Although an active member of Zenith society, many incidents increase Babbits discontent with life and he revolts against conformity. After the imprisonment of his best friend Paul, Babbit realizes that his life has no meaning. His dream of acceptance becomes irrelevant so he engages in a short period of rebellion from everyday society. Not having the relationship of a good wife or a best friend, Babbit drinks and parties excessively hoping to end his frustrations but his anxiety's remains. He realizes that besides material comfort a man needs "someone to easily talk to...and someone who appreciates him" so he has an affair with a local woman. Nothing positive evolves from the temporary relationship and Babbit is not able to truly feel joy. Although Babbit recognizes that a change has occurred he also notices that "nothing has been gained by his rebellion" and is unsatisfied with his new situation. Even though unhappy, Babbit "asserts his new independence [and]...refuses to join" a new respected organization formed in Zenith. This takes much courage and Babbit prides himself for his perseverance. Although Babbit is proud of his independence, many people end their friendships with him because he will not conform to their liking. Babbit uses his free time to think through and organize his life. He realizes that he needs "the mechanical friendships [and]...organizations" in Zenith. Babbit's rebellion ends in failure because Babbit does not have the courage and persistence it takes to rebel against conformity.

Lacking the heart to be independent and live a lifestyle of nonconformity, Babbit succumbs to a hypocritical lifestyle, and eventually regains his position in society. He ultimately "agrees to join" the new club, conforming to the community's desires, realizing that the consequences of not joining would be harsher than the embarrassment of facing his old friends. Babbit realizes he needs to accept the image society wants and conform to that image if he wants to succeed. Within a few weeks Babbit regains his old position in the community. Once more he is a loud vocal speaker in the Good Citizens' League and "all the prosperous citizens and business leaders" also devote themselves to this establishment. Babbit soon regains the esteem of his old friends and things return to normal. Babbit uses what he has learned by telling his son to "be unafraid of the conventions...of the outside world and do what one sees as the right course for himself." Babbit is sorry that he has learned this valuable lesson so late in his own life. He realizes that he has grown accustomed to the daily occurrences and that he needs a regular routine. Babbit decides that he is "going to run things to...suit himself", which actually means conforming to the middle class lifestyle and to the values of men like himself. Babbit learns a valuable lesson too late. He now knows that he needs to live a life of conformity and he can not live his dream of success and happiness without the influences of a hypocritical society.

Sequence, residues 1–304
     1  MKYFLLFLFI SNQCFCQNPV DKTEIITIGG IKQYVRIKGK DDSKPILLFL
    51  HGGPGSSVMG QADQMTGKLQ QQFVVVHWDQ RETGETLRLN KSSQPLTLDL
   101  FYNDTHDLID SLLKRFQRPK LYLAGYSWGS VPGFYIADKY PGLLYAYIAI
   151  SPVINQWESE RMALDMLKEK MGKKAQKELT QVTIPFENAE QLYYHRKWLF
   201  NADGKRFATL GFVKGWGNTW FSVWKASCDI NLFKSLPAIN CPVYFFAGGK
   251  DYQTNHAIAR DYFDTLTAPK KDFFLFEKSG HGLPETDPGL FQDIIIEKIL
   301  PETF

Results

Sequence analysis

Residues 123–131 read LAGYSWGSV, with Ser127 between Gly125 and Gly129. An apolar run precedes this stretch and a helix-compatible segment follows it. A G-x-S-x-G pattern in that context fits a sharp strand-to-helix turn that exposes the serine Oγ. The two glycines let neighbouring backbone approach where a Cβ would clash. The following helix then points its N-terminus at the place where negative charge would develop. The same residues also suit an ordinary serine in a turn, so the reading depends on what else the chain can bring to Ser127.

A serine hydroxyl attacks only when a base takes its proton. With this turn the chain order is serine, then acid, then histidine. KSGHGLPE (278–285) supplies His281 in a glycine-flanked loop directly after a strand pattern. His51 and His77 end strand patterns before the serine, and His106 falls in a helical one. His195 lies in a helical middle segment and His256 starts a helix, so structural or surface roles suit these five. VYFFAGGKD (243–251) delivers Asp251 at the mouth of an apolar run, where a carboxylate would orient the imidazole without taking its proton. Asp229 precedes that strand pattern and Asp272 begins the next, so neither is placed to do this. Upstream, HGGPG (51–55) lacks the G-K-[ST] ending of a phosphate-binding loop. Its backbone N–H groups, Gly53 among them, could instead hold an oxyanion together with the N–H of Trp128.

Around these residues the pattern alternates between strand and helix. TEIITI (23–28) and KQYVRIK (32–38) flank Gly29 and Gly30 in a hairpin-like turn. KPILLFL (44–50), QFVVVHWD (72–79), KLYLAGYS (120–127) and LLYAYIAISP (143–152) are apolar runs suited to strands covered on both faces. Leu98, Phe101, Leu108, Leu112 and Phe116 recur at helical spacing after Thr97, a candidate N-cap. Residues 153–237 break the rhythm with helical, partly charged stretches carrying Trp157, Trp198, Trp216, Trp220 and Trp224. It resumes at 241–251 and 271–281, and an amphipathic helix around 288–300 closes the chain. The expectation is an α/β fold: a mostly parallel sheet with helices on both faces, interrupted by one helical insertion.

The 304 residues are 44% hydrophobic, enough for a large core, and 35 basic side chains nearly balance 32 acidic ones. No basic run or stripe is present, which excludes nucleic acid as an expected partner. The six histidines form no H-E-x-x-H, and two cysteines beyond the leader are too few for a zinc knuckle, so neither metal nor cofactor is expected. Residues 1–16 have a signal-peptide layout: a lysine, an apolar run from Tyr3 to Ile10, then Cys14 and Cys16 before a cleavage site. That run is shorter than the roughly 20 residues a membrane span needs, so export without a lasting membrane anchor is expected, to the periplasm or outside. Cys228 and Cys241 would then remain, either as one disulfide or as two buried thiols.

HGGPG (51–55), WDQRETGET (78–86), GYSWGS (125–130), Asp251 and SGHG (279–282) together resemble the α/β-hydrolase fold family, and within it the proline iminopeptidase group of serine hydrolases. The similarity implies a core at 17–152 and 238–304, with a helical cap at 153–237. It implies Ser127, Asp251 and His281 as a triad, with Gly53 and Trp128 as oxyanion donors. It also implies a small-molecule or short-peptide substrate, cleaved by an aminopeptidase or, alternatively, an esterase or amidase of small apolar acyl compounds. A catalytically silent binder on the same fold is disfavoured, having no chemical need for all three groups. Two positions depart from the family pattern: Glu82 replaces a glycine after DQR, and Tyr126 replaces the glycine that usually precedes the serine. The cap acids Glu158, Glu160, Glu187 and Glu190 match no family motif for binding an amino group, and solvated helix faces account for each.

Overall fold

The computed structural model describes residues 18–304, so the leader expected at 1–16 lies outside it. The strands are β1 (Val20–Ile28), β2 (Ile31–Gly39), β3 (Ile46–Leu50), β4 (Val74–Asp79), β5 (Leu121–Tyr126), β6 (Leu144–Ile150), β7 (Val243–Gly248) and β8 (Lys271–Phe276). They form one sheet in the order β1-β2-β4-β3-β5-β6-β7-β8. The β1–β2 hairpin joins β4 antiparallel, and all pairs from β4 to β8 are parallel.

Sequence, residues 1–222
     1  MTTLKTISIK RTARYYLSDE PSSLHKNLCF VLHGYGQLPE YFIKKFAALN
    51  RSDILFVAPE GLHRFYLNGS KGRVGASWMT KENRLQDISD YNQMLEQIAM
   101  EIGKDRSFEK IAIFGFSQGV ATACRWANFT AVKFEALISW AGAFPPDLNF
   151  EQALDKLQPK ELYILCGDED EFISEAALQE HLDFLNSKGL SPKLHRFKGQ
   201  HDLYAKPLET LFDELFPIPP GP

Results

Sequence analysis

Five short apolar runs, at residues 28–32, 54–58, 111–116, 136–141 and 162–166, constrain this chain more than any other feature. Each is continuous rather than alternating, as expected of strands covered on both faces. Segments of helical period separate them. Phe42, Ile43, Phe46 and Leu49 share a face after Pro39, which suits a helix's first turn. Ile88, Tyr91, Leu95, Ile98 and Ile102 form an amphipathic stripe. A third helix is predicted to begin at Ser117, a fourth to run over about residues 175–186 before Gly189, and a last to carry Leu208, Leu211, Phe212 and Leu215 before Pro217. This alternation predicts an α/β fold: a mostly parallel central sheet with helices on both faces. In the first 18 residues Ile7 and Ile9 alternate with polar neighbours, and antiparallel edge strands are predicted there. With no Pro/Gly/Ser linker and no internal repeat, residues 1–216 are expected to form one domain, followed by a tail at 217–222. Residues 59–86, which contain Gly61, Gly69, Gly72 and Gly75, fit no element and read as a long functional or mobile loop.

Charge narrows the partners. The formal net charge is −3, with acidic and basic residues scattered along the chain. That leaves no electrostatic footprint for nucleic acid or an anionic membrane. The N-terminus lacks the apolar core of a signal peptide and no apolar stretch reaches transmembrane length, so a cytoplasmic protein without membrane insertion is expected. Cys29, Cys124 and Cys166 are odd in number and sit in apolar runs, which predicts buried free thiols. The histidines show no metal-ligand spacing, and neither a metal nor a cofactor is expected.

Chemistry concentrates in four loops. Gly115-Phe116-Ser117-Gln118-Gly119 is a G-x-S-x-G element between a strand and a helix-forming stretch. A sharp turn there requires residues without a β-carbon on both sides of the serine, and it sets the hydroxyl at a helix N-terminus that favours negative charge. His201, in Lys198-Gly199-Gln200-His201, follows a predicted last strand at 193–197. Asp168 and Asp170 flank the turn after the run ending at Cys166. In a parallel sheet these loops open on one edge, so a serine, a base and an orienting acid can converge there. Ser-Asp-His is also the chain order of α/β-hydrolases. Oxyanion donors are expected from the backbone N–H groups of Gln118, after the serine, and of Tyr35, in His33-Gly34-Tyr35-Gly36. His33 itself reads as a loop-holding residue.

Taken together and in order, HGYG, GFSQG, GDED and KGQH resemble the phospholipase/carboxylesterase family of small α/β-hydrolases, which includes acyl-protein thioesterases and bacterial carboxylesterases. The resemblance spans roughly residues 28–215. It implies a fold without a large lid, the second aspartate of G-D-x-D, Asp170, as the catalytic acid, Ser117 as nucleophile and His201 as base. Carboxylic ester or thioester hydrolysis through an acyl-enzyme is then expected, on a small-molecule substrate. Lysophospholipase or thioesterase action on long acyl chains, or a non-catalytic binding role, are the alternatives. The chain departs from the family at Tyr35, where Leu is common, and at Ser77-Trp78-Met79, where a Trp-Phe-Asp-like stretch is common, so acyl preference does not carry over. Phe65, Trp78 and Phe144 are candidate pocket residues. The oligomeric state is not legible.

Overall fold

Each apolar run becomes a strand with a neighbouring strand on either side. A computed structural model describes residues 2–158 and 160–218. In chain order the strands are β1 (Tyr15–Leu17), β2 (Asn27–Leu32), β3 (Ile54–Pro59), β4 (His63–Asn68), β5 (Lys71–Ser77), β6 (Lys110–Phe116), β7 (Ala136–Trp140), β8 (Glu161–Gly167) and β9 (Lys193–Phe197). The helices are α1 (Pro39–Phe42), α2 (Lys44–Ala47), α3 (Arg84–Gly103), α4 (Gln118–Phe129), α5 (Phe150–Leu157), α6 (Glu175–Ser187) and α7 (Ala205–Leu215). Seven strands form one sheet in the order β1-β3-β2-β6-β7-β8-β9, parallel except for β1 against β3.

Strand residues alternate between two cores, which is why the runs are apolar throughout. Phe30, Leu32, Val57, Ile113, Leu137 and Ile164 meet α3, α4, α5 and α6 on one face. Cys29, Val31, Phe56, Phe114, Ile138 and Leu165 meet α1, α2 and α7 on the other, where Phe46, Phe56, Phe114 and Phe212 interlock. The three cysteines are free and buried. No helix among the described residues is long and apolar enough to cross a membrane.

Babbit struggles with himself and the community to find a way to make himself happy and to make a place for himself in a society overshadowed by hypocrisy. He must rebel against conformity and hypocrisy and try to find activities that actually suit him. Babbit understands that the community is completely hypocritical but also discovers that it is the only way he knows how to live. He succumbs to conformity, realizing that he does not have the strength and courage to live his dream through independence. Babbit realizes that middle class Americans behave, talk and amass unnecessary material objects. American society is oblivious to the false faces they put on each day to impress others and people do not realize that they are using all their energies to reach materialistic goals. Society's conformity influences the actions, beliefs and dreams of each American.

Source: Essay UK -

About this resource

This coursework was submitted to us by a student in order to help you with your studies.

Search our content:

  • Download this page
  • Print this page
  • Search again

  • Word count:

    This page has approximately words.



    If you use part of this page in your own work, you need to provide a citation, as follows:

    Essay UK, Societys Influence On The American Dream. Available from: <> [05-06-20].

    More information:

    If you are the original author of this content and no longer wish to have it published on our website then please click on the link below to request removal: